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Bill Emmott
By Bill Emmott - Dec 05,2022
LONDON  —  Companies have long had to manage “key person risk”, even taking out insurance against the possibility of losing top executives through death, illness, or injury.
By Bill Emmott - Oct 15,2022
LONDON  —  When a “shock” or “extremist” election result comes with record-low voter turnout and a big yawn from financial markets, it is time to find new descriptors.
By Bill Emmott - Jul 12,2022
LONDON  —  Former Japanese Prime Minister Abe Shinzō’s assassination at an election campaign event in Nara, Japan, is both shocking and puzzling.
By Bill Emmott - Jul 11,2021
LONDON — Having been postponed from 2020 because of the COVID-19 pandemic, the Tokyo Olympic Games are approaching their opening on July 23 amid a chorus of doom.
By Bill Emmott - Jun 21,2021
LONDON — When will the world have vaccinated 80 per cent of all adults, the level presumed by scientists to produce herd immunity against COVID-19? Most people’s answer is 2023 or 2024, which suggests deep pessimism about the progress of vaccinations outside the rich world.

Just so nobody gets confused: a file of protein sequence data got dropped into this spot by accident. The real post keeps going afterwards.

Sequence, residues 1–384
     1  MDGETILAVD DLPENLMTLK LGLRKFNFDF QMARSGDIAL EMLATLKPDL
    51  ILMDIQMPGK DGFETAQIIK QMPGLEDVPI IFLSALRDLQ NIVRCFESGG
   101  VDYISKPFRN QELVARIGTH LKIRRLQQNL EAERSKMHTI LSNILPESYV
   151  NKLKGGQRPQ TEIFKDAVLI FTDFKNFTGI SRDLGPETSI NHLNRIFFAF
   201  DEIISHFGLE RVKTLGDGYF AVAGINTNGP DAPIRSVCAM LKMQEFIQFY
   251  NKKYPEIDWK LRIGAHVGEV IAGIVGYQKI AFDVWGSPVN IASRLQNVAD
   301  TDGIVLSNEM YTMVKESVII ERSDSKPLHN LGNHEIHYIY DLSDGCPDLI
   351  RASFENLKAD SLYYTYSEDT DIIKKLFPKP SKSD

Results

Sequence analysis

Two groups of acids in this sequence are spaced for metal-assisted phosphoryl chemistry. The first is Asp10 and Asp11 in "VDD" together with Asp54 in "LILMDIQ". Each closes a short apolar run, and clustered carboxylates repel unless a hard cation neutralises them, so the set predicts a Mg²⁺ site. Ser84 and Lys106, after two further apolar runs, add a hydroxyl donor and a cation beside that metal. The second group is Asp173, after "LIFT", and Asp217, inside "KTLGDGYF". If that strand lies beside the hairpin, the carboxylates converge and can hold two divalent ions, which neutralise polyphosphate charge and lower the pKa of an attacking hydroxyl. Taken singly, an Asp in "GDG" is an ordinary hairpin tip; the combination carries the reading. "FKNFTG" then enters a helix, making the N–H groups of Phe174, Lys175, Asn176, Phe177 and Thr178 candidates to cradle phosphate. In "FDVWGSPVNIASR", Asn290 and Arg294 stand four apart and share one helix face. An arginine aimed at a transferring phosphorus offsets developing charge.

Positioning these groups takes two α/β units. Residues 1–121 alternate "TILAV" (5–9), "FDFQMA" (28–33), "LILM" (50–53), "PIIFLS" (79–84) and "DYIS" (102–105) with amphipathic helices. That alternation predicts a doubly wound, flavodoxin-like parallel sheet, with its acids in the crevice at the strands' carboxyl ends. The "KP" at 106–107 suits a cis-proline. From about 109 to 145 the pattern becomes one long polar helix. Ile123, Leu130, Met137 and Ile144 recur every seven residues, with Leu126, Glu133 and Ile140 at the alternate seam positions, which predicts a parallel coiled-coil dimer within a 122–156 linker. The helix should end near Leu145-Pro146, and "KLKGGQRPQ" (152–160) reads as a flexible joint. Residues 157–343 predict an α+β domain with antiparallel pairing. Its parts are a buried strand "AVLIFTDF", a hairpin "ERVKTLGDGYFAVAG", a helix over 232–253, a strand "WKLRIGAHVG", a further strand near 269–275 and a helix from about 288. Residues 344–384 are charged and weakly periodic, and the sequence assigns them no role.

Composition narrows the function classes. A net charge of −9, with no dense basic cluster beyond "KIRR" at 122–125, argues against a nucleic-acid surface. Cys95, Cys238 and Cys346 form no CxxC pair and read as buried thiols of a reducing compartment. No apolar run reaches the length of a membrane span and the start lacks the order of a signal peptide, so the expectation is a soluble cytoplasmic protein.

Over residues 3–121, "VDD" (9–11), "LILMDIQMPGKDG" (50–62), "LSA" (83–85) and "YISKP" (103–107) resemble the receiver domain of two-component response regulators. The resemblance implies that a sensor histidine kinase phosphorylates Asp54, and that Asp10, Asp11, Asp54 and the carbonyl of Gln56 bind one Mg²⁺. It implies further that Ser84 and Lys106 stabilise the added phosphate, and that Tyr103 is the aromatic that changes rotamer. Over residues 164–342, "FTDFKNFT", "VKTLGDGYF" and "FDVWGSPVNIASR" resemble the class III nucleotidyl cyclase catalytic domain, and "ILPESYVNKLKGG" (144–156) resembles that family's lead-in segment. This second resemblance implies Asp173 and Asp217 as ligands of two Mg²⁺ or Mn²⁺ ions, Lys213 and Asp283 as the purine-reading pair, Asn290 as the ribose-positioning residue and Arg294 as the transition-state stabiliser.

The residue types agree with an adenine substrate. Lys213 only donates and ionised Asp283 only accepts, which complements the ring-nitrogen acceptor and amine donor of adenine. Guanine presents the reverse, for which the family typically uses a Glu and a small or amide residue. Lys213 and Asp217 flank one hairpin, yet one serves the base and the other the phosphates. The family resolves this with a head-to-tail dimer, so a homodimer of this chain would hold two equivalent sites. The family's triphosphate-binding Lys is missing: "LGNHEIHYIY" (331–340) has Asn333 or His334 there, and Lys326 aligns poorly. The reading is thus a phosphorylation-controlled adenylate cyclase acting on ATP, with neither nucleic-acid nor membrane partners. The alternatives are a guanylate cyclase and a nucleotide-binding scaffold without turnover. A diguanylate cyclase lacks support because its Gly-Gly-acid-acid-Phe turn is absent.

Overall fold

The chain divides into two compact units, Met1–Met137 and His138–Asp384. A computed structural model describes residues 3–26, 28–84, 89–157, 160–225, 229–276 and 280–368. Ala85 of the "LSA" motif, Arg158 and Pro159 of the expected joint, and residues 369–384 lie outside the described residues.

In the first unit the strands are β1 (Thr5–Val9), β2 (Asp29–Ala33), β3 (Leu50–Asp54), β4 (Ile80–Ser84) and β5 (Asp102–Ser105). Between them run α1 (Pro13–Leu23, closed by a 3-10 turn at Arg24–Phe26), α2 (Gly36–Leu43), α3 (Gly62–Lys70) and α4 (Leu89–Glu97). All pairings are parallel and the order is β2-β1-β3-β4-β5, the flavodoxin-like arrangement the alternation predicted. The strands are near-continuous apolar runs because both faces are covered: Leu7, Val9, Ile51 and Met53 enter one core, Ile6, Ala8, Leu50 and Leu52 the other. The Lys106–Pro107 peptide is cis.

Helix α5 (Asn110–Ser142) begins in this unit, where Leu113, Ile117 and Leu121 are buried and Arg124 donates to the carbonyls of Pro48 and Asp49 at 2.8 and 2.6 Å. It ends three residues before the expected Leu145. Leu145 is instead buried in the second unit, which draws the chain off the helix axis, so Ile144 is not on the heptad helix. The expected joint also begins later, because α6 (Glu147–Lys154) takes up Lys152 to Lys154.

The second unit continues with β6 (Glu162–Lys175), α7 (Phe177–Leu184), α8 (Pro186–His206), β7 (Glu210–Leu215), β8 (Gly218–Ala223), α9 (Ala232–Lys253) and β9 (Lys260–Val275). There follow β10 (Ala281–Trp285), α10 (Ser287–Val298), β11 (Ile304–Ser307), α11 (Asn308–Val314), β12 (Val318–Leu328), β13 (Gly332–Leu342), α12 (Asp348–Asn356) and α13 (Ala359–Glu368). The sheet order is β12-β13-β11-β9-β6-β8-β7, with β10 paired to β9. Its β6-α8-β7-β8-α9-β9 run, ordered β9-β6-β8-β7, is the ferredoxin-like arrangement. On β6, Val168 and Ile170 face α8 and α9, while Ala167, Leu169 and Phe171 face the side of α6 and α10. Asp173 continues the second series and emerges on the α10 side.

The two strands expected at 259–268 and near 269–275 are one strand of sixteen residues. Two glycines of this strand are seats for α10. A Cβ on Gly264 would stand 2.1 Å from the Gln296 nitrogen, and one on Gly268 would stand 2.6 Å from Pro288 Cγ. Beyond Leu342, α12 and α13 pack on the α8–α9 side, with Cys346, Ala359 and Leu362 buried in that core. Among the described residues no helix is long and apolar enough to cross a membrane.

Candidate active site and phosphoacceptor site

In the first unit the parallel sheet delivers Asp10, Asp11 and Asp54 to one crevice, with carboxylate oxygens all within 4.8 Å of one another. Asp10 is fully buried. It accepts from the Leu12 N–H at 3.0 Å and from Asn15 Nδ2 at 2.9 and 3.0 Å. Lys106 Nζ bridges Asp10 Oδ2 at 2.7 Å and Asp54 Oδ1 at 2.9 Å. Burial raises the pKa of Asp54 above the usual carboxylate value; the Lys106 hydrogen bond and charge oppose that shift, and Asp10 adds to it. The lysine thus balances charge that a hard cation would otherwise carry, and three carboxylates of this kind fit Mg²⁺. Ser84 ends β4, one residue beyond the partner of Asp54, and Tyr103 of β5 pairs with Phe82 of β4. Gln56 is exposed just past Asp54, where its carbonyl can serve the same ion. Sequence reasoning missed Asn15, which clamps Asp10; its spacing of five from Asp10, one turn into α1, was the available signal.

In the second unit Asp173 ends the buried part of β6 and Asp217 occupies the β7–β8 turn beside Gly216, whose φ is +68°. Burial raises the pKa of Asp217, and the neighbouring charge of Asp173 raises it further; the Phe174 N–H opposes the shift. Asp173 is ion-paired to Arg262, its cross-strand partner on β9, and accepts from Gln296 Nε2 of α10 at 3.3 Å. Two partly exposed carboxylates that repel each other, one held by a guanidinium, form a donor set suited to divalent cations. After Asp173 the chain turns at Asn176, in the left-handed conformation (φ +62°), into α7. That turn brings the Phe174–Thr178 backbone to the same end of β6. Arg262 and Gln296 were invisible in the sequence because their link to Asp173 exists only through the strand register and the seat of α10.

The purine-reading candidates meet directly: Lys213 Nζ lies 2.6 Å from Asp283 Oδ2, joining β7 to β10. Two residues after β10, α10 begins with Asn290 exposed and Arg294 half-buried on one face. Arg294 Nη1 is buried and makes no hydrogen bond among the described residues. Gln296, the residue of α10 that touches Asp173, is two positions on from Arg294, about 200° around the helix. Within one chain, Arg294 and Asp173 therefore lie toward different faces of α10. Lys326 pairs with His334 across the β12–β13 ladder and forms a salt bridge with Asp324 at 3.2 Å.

By Bill Emmott - Dec 29,2020
LONDON — In the early stages of the COVID-19 pandemic, it was common to divide countries and their responses according to their political systems, with many attributing China’s success in controlling the virus to its authoritarianism.
By Bill Emmott - Nov 09,2020
DUBLIN — Japan’s new prime minister, Yoshihide Suga, has arrived with a suite of ambitious policy ideas, including plans to digitise government services and revive the country’s regional banks.
By Bill Emmott - Oct 07,2020
DUBLIN — Japan’s new prime minister, Yoshihide Suga, has arrived with a suite of ambitious policy ideas, including plans to digitise government services and revive the country’s regional banks.
By Bill Emmott - Aug 29,2020
DUBLIN — Shinzo Abe’s sudden resignation (on health grounds) ends the tenure of Japan’s longest-serving prime minister.
By Bill Emmott - Feb 12,2020
LONDON — Sinn Féin’s success in Ireland’s February 8 general election, where it headed the poll, has come as a shock, owing to the party’s historic ties to the Irish Republican Army (IRA) and that organisation’s association with violence.

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